"Over the past two years there's been a resurgence of interest in VR that's been growing ever rapidly. Many of the concepts and ideas are being rediscovered now as if they were new. The notion of 'presence', for one, had been extensively discussed in the first wave and has received a great deal of attention in research over the past 25 years. So, many of the problems being addressed now already come with significant understanding from potential solutions from the past.
"VR did not materialise into a mass consumer product in the 1990s, nor did it change the world as expected, largely because the technology could not live up to expectations. However, it continued as a subject of research, and also has played a significant role in industry (for example, car manufacturers mocking up examples of designs in VR before ever building a physical car) and with other applications such as significant use in clinical psychology and counselling including treatment for phobias, anxiety, and post traumatic stress.
"In 2016 various companies are issuing quite high quality equipment at consumer level prices and there are lots of existing companies and start-ups working on products to take advantage of this.
"So, it's quite likely that VR will, this time, take off on a mass scale - at first in entertainment and games, but also, as is already happening, in many other applications - and its research base is extending rapidly into psychology, cognitive neuroscience, medicine, and so on.
"We should be aware of dangers. There have never been studies of the effects on people of the long-term continued use of VR on a daily basis and simulator sickness may be a problem. However, the signs are that, this time round, VR may be a success."
Mel Slater leads VR research labs both at the University of Barcelona and at UCL in London and is a specialist in what makes virtual reality work and how it's possible to build virtual environments so that people respond realistically to events within them.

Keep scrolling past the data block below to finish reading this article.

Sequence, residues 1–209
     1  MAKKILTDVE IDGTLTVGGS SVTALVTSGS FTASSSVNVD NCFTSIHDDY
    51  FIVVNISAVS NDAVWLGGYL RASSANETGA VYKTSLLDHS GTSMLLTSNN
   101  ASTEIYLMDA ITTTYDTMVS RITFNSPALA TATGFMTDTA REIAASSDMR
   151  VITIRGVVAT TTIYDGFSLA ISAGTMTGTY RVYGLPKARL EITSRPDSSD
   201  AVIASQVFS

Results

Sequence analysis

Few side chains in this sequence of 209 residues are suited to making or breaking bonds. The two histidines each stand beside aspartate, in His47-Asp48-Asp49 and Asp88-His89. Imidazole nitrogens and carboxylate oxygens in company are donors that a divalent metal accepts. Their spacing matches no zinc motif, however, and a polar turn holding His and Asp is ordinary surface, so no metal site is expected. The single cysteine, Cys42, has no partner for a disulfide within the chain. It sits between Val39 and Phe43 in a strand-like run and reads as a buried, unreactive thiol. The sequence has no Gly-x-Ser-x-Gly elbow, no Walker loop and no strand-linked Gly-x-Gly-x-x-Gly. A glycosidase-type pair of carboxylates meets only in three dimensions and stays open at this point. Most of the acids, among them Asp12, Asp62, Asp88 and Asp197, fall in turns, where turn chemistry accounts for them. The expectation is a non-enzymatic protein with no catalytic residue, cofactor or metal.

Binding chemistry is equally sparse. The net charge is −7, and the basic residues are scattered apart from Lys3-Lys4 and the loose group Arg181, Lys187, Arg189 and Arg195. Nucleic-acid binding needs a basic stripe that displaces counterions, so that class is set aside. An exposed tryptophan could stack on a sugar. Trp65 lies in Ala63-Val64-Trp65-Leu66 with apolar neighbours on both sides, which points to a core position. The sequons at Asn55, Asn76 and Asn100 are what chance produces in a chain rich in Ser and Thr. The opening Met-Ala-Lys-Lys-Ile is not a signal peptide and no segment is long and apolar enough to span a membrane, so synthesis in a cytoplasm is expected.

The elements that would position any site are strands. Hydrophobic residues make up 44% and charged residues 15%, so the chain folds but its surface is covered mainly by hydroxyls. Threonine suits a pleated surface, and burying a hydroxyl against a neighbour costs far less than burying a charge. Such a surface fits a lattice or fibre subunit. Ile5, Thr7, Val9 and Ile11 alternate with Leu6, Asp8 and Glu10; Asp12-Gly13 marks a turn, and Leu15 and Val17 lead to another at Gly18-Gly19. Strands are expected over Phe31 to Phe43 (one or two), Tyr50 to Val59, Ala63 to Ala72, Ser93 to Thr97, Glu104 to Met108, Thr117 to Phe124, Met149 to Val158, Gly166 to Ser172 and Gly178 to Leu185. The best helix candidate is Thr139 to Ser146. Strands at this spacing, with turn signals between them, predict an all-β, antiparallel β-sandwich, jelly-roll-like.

CTU Professor in Second Life
"One of the challenges with forecasting is that a breakthrough in the comfort level and production times for VR headsets could hit the market fast. For VR to go mainstream, we need technology that senses how the body interprets movement and adjusts for it to streamline the user experience.
"As well as solving motion sickness, we need full interaction - i.e., gesture recognition, natural language recognition and a device that scans and interprets our facial and body expressions as part of that interaction process. Holding a mouse or a controller doesn't feel natural in VR, and while swiping is close, it's not what most users would do instinctively.
"VR headsets provide breath-taking experiences, and the race is on to develop compelling and cost effective solutions for widespread adoption. Will it happen in 2016? Possibly, but 2017 is more likely as the devices need software and a new paradigm for interaction within the 3D landscape."
Cynthia Calongne is a leading researcher and speaker on virtual worlds. She's a professor at Colorado Tech and Second Life and has hosted over 120 presentations and keynote addresses on virtual worlds, simulation and modeling, education, game design and research.